All security staff have an integral human/community/public and customer relations role. It can most readily be conceptualized as “Goodwill Ambassador” for the organization. A solid customer service foundation must be established in training and built on with supervision. It is an ongoing process. Liaison with external and internal stakeholders, including staff on duty and law enforcement that may respond, is necessary for the effective use of force.
Classes in crowd management are another key aspect of professional development. There may be preconceived notions that crowd management is not important if one is not protecting a stadium or handling security during a labor dispute. These misperceptions create serious problems as groups of people may form when access or egress to a facility is delayed; during a sale or promotion; or in the wake of an accident or incident. The reality is that crowd management is occasionally used during routine operations.
Let’s look at each role of a protection officer in depth:
Enforcement/Compliance Agent: Protection officers ensure that an organization or facilities rules are being followed. Knowledge and understanding of what the rules are is first and foremost, and astute managers will find ways to continually educate their officers on this. Once the rules have been mastered it is time to enforce them. Human service skills are key, and any time professional development opportunities in the areas of customer service, conflict resolution, etc. are offered they should be capitalized on.
Other aspects of enforcement are equipment and weapons. Equipment, such as flashlights and handcuffs, is important. Weapons are another form of equipment that imposes an even greater obligation on management. There must be extensive introductory training (not just “certification”) coupled with periodic refresher classes. Training and practice must expand beyond use of the weapon itself. Retention — putting it away after engagement and working with backup officers — must all be addressed within a training program.
Intelligence Agent: Security officers play a key role in obtaining information relating to loss problems, such as criminal activity, rule violations, safety issues, etc. The WAECUP Model (loss comes from Waste, Accident, Error, Crime and Unethical/Unprofessional Practices) is useful in the Intelligence Agent role. Protection officers acquire most information from people. If the Physical Plant personnel tell patrolling officers about unusual situations; this is important. It is also important if local police pass along info regarding activity in the area.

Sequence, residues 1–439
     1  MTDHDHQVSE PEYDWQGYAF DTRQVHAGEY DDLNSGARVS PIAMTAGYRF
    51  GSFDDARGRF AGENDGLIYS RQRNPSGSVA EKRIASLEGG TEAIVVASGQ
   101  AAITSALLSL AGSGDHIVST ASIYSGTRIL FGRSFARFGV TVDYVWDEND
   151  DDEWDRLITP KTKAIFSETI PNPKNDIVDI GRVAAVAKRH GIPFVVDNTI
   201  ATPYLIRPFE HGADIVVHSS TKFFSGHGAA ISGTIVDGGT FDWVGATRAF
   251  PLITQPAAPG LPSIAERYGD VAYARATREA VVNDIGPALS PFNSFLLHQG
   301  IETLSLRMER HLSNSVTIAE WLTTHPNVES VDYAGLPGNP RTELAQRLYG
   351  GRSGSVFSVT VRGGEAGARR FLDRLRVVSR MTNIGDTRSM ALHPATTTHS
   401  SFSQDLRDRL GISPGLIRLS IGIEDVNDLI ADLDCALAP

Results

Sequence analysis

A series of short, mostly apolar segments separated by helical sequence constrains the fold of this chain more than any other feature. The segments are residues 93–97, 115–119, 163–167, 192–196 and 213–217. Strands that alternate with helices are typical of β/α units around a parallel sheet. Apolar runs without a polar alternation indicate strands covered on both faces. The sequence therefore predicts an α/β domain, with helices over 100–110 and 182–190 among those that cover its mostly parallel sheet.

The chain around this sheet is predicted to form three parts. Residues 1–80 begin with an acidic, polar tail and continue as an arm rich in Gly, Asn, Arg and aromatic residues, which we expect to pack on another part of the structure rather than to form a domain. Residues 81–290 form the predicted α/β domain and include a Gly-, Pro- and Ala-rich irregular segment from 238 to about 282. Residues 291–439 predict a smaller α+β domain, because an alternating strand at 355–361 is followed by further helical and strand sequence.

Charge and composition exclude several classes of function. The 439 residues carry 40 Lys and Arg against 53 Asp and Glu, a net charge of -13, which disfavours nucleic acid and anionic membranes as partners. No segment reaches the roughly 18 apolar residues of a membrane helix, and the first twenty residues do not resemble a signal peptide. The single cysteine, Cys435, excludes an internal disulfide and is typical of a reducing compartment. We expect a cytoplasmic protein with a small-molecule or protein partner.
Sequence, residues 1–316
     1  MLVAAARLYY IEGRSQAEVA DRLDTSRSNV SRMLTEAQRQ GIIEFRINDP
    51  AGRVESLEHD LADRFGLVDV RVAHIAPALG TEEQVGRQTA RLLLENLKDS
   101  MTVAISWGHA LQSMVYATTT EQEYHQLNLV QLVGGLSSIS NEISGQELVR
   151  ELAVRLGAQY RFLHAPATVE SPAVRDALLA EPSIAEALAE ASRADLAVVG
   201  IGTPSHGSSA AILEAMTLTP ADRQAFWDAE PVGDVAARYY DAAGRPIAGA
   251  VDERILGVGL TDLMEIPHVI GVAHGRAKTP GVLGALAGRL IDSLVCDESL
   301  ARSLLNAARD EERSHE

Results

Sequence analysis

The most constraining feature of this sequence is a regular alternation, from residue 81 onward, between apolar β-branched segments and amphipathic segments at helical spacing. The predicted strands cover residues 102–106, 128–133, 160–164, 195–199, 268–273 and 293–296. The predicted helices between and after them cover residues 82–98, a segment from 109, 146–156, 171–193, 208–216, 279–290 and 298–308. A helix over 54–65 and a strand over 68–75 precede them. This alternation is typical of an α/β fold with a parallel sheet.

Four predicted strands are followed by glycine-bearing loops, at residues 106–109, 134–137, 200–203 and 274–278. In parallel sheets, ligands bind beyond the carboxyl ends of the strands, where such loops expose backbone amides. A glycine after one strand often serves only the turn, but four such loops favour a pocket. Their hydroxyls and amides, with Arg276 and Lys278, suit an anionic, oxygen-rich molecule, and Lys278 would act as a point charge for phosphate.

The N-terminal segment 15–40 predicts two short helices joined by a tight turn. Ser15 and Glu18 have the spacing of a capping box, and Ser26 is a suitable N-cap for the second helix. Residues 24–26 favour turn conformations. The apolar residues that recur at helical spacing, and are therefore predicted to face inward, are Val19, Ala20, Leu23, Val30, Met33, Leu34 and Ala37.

Legal Consultant: Protection officers make continuous legal judgments. These involve employment law as well as civil liability concerns and criminal law. Uses of force are essentially a legal issue incorporated with human relations and tactical concerns. Corrective actions such as counseling someone or evicting them from the property may not require force, but they still must be done in a systematic, professional manner.
Duties of Protection Officers
Direction: Direction can be purely communicative or can incorporate hands-on techniques. Professional communication consists of proficiency in listening/assessing, providing feedback and giving direction. If it is hands-on, it should be conceived of as the blending of communication with physical control. Direction generally begins with officer presence — when the officer arrives on the scene and begins to assess and communicate. Bear in mind that appearance (deportment) is crucial — first impressions matter!
Proximity is pivotal — officers should always respect someone’s personal space. This is especially true when approaching someone in crisis. Often these individuals require more space.
“Soft verbals” which persuade such as “Would you please sit down?” can be employed. These can be repeated as necessary. “Hard verbals” which command such as “Down!, Down, Down! Down” can be used to exert more control.
As the last resort, direction may involve the laying on of hands…the actual use of force. This can be “soft” empty hand control to guide someone or “hard” empty hand control which consists of control holds. Direction may also involve the use of handcuffs or some other type of weapon.